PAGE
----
whether it is rented or not. For example, statistically speaking, an unoccupied
property has more chance of being broken into, vandalised or suffering
serious flood damage. Therefore we cannot promise owners that no damage
will ever occur to properties during rental periods. What we can do however
is try to minimise the risks by doing the following:
- We collect a damage deposit from the client, usually in the form of
a signed credit card. However, even a signed credit card does not mean
we can simply charge the client with whatever we wish. Charges must
be fully justifiable and, if they are not, then the client could still
refuse to accept them.
- We warn clients that if they cause any damage, they will have to pay
for it. We have observed that after being warned, clients do also tend
to be careful.
- We try to provide instructions to clients on how to properly use equipment.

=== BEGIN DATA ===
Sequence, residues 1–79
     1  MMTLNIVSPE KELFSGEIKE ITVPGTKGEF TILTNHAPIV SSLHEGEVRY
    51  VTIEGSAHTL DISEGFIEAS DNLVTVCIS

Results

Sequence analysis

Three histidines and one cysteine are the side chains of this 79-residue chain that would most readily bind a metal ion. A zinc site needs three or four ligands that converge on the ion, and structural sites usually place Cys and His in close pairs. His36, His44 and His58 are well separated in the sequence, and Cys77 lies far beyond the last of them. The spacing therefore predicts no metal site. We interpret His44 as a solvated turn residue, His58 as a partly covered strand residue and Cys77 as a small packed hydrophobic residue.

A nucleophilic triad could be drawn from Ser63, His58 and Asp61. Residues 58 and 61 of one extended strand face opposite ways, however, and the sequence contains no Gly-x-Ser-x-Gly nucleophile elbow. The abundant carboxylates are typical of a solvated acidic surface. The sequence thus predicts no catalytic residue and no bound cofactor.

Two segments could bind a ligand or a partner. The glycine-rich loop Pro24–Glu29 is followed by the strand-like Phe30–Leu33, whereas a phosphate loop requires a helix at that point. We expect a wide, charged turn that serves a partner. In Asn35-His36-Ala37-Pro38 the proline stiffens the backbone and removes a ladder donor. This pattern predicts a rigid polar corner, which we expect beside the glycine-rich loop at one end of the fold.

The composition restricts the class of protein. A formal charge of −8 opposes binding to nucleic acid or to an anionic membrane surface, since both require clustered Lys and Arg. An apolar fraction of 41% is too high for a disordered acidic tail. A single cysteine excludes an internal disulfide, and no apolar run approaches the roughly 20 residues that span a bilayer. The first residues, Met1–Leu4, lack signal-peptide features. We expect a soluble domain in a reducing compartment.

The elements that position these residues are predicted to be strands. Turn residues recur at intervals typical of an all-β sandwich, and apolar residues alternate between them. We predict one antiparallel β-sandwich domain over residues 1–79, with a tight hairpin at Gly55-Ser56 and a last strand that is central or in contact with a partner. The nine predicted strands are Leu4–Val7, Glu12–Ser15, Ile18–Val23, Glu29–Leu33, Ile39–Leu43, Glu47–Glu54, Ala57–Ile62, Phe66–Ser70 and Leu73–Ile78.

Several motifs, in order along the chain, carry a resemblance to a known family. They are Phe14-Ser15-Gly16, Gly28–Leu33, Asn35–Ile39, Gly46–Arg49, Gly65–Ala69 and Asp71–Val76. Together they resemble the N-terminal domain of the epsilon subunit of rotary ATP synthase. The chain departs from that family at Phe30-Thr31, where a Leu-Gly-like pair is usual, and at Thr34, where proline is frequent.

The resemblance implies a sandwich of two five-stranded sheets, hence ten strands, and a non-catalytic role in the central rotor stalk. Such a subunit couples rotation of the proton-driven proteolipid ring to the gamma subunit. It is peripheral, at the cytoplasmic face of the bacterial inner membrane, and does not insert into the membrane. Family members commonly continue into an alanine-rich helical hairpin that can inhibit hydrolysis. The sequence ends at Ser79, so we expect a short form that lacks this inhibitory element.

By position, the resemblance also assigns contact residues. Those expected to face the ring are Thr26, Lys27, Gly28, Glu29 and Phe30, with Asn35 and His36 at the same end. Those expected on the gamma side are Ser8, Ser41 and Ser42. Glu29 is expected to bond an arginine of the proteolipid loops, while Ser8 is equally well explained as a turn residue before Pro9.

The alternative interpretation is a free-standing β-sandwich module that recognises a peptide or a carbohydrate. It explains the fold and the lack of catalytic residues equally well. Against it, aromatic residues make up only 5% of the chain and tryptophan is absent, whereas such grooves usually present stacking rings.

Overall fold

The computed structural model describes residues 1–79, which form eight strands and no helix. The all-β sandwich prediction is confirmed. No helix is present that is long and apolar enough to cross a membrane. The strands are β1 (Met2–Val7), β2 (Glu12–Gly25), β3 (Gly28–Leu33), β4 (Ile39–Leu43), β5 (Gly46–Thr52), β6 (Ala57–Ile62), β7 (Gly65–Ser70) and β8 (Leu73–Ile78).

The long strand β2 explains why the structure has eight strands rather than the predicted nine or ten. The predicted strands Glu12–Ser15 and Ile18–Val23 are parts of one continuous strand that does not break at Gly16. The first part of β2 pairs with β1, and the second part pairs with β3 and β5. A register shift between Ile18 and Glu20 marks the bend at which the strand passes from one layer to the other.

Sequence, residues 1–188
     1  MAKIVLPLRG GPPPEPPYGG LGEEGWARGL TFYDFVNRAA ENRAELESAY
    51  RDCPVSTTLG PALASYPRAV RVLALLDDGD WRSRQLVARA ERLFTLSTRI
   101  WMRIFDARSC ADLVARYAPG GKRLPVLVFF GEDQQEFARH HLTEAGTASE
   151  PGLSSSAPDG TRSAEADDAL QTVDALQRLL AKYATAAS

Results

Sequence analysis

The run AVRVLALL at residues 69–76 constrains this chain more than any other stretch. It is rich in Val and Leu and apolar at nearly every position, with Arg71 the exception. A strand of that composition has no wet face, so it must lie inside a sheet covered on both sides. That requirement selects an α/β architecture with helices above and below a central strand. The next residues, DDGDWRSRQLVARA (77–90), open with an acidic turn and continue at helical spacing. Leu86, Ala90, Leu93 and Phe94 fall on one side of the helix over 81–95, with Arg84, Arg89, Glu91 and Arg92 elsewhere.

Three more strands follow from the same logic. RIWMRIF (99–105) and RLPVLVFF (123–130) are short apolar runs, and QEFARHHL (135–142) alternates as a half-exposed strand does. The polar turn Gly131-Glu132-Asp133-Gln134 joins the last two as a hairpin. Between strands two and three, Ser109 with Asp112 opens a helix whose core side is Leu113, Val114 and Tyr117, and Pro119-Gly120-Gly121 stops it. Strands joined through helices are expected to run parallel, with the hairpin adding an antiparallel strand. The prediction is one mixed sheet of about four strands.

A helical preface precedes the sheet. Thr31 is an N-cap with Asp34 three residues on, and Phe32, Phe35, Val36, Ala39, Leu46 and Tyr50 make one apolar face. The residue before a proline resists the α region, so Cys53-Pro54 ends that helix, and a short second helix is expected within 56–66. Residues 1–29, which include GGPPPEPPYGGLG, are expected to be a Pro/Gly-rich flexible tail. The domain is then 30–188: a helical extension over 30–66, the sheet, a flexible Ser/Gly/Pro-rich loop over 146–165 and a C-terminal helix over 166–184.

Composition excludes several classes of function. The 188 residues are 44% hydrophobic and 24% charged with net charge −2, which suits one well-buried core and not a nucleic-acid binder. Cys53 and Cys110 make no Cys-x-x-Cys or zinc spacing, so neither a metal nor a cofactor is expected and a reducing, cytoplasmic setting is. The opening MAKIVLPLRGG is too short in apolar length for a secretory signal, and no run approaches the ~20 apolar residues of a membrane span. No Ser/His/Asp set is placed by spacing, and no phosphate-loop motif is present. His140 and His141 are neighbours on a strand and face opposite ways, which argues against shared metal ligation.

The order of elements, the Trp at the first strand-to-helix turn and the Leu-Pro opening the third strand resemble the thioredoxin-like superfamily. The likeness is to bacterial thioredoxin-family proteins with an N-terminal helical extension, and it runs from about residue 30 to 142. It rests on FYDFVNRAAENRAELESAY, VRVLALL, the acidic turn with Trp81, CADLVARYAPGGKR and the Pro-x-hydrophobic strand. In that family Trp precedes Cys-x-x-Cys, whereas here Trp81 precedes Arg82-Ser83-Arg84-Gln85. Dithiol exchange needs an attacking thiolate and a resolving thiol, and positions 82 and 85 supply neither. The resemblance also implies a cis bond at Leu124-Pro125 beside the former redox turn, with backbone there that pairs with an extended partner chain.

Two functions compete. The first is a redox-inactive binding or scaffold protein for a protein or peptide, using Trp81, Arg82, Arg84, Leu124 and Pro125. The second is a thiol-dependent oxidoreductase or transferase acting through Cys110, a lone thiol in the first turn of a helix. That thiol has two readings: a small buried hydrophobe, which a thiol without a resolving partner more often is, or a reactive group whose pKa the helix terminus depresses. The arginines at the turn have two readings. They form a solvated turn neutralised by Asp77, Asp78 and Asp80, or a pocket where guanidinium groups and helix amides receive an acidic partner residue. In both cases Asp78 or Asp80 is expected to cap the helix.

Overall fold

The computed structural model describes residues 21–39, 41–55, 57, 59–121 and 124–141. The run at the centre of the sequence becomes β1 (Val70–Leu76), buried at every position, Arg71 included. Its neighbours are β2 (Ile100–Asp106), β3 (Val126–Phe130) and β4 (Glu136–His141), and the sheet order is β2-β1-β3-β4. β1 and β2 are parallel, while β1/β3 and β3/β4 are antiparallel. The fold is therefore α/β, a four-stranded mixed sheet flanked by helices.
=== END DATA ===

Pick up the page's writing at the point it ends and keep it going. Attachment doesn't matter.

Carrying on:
In some cases, owners have equipment which is very difficult to operate
and this can lead to confusion and possibly misuse. This is not always
the clients' fault and owners have to make some allowances for clients
being unfamiliar with their property.
- With properties that we manage, we regularly inspect the property
and we try to bring any damage to the client's attention. This is important.
Other managing agents sometimes only report damage after the client
has left. This is a big mistake and can severely reduce the chances
of obtaining compensation.
What kind of problems can arise?
Here are some examples of what has happened in the past.
|Type of Damage
||What we agreed...
cigarette burn appeared on a bedside rug.
negligence of the client.
was only an accident...
client must pay for a replacement rug. If the rug had been large and
expensive we would have tried to find a way to repair it at the client's
sits down and chair collapses.
must pay for a new chair because he must have sat down improperly.
The chair must have been loose or in an unsafe condition. If asked
to pay, he will counterclaim for an hurting his back.
chair was very old, creaky and loose. The damage should be considered
'wear and tear'. The chair was re-glued and screwed back together
at a modest cost to the owner.